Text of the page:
What do you do with your leftovers?

Did you grow up with a mother telling you to finish all the food on your plate because there were kids starving in Africa? Was it just something annoying she’d say? The food on our plates as kids that we don’t eat and the food kids do or don’t get to eat in Africa are certainly not related but that really wasn’t our moms’ point.

I was frustrated with Simon as we left the grocery store last week. He wanted to carry the candy that I had let him buy instead of just letting it ride in the bag with the other food. I feel guilty buying a lot of food. The boys who bag your groceries and carry them to your car get a small tip- 100 cfa, 200 cfa, I’d been advised to give something small.
Simon & I were having a hissing, angry, wordless conversation on the way out of the mall. Me mad at him, him frustrated with me. Why couldn’t he just leave it in the bag with the other food so it wasn’t so obvious that not only did I buy food that the family needed to eat for meals, but that I also bought something frivolous for him to eat. ‘Just because’.

‘Just because’ doesn’t need explaining back at home. ‘Just because’ feels like I’m doing something wrong here. No one says anything. It’s my own issue. No one else’s. Simon didn’t understand why it couldn’t carry it when he got to do that back at home, no big deal. A ‘just because’ often came out of the bag on the way home to admire or open. He truly didn’t understand why I was so upset with him for doing something that just seemed normal to him.

“Why didn’t you just tell me?” he asked in the car on the way home after I explained why I was upset. I told him that the truth was that I thought I shouldn’t have to tell him, that he would just know. “Well, I will from now on,” he replied.

What do you do with your leftovers?

Do you feel guilty throwing away food?

I’ve always had an issue with throwing food away. In the past, we were often too lazy or busy to cook what we had bought, or there were fruits and vegetables that needed to be cleaned so they could be eaten and we never got to. I’ll admit that in the past there were times when we threw away a shameful amount of food-whether it was leftovers that no one wanted to eat again, meat that ‘might’ have been in the fridge for a day too long in my persnickety opinion, or who knows what else.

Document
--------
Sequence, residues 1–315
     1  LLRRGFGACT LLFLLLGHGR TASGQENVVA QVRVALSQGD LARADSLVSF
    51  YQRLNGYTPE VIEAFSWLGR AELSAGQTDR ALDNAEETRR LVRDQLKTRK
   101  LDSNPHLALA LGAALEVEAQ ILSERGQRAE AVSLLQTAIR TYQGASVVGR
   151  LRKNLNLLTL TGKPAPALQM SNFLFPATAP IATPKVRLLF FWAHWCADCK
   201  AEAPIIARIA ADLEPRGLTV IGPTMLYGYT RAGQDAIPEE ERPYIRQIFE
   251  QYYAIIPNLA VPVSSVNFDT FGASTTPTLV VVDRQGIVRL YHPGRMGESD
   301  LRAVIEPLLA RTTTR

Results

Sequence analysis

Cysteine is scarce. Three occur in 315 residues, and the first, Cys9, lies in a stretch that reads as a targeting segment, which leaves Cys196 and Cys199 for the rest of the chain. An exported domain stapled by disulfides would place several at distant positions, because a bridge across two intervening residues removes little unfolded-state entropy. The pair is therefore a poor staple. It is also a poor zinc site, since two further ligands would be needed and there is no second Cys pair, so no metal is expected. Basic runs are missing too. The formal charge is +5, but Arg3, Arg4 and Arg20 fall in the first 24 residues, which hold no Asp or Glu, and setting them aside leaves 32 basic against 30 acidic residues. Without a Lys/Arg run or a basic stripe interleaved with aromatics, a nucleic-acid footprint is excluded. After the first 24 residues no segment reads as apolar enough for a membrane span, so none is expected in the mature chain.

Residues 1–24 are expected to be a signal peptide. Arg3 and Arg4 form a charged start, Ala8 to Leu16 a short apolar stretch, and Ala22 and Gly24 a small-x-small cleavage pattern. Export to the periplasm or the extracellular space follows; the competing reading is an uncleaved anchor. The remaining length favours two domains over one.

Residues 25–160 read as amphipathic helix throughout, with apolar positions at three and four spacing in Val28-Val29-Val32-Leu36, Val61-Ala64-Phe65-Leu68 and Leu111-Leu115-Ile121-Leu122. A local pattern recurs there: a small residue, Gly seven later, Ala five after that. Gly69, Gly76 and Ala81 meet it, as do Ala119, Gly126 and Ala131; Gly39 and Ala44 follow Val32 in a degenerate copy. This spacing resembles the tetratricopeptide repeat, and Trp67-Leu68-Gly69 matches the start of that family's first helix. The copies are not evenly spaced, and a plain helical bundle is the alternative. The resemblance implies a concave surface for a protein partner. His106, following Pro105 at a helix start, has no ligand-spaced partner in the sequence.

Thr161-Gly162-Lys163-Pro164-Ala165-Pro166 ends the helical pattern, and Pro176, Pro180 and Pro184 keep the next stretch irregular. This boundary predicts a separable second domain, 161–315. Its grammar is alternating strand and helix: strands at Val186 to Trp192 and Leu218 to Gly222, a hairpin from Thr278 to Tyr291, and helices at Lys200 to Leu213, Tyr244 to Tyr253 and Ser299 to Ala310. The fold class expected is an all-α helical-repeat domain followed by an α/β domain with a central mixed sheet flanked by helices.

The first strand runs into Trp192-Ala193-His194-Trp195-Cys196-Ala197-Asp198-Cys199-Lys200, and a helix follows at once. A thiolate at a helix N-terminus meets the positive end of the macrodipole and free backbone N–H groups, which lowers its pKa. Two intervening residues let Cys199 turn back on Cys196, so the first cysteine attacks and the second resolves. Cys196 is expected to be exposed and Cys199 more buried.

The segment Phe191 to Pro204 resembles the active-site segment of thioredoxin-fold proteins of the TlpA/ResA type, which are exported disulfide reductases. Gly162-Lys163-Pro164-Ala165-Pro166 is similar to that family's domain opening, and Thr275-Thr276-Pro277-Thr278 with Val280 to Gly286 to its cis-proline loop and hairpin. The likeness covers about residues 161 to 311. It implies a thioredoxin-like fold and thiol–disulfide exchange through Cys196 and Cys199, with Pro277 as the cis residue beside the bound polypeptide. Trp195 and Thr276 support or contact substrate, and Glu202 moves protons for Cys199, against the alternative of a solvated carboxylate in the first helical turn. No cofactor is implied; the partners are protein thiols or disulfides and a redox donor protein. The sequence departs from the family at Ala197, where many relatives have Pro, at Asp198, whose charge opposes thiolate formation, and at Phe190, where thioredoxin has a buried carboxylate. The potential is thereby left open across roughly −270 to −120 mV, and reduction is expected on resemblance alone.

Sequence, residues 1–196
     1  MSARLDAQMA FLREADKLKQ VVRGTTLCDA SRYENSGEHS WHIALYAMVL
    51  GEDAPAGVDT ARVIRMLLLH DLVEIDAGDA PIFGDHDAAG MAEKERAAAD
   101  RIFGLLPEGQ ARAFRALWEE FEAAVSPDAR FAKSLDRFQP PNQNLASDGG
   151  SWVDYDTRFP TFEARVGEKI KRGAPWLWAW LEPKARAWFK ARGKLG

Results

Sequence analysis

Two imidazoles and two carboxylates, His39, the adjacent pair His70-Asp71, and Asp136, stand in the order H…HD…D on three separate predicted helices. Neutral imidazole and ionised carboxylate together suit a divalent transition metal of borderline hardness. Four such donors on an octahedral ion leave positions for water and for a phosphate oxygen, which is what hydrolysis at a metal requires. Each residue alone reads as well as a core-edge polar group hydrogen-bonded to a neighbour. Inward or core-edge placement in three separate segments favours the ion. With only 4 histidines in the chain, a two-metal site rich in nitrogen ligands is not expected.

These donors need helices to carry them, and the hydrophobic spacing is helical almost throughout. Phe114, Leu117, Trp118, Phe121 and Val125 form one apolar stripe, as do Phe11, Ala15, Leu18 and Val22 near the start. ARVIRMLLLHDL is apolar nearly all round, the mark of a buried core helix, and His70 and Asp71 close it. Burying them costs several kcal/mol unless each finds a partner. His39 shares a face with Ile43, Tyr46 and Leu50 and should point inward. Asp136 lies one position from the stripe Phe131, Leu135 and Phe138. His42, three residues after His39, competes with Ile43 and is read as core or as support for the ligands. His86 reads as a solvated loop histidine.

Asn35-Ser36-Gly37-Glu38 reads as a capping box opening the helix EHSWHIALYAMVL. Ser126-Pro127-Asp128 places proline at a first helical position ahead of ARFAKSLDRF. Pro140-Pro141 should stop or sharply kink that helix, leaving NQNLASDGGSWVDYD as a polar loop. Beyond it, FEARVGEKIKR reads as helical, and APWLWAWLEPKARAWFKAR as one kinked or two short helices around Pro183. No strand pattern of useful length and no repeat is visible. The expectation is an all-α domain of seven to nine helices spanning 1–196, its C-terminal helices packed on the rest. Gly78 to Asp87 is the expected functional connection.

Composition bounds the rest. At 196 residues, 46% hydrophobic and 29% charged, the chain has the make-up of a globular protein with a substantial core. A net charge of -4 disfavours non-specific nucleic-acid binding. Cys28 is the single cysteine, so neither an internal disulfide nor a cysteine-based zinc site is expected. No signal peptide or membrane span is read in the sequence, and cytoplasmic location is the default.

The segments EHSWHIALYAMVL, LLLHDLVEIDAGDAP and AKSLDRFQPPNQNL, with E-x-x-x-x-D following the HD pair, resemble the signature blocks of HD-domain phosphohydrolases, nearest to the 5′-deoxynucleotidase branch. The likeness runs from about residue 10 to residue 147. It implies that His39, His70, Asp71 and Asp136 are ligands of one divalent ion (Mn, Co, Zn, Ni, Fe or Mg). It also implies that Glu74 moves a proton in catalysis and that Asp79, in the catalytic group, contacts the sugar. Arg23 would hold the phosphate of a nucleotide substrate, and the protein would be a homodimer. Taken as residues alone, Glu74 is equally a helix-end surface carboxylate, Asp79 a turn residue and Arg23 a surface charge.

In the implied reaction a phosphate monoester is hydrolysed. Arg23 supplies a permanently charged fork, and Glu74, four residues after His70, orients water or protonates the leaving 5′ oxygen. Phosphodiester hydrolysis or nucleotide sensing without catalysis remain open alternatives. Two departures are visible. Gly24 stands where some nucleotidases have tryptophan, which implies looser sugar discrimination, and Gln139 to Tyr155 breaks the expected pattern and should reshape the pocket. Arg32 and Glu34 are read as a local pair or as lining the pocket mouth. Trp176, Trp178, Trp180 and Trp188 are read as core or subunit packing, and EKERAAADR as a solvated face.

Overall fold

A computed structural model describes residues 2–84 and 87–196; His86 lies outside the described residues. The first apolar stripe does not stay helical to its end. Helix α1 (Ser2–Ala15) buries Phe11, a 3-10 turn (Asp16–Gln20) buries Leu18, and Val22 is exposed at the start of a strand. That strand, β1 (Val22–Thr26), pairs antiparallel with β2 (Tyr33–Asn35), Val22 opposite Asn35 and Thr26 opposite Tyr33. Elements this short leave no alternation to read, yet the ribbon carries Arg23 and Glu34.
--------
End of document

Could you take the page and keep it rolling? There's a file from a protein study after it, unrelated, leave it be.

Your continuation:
Here, I felt/feel terrible throwing any type of food away. Even scraping a plate into the trash causes me pause. Knowing there are people literally within two blocks of my home who do not have enough to eat, it really bothers me to think about throwing anything away. Yet, how do you give it someone else when you don’t want it? I remember a silly thing we’d do in college in the dining hall where someone might have a bite of something, discover it was “gross” and then try to pass it off by saying, “Here I don’t like this. Do you want it?” No one ever wanted the item, but it kept on being funny to us.

I also have the issue of not wanting to let the housekeeper know we are so wasteful that we’d throw away food. The first couple weeks I’d take the food we weren’t going to finish to work and throw it away there. Silly–I know. She’s a wonderful cook but sometimes there is more than we can eat for dinner and for lunch leftovers. I didn’t want it to be taken as a reflection on her cooking or a reflection on our American ‘wastefulness’.

The person who employed her in the past gave her 200 cfa for bread each day. That former employer shared with me that she believed that might be all the food Martine got to eat for the day. It’s not really the kind of thing you can verify with someone politely, but I do believe it to be true. “Excuse me Martine. What do you eat during the day?” Since her grand-newphew Justin comes with her most days, she was sharing her bread with him. I’ve written about how Simon has been the most successful in getting Justin to eat things, by giving him the same thing he was eating at the same time. I had encouraged Justin and Martine to eat fruit, eggs, anything they wanted without much luck.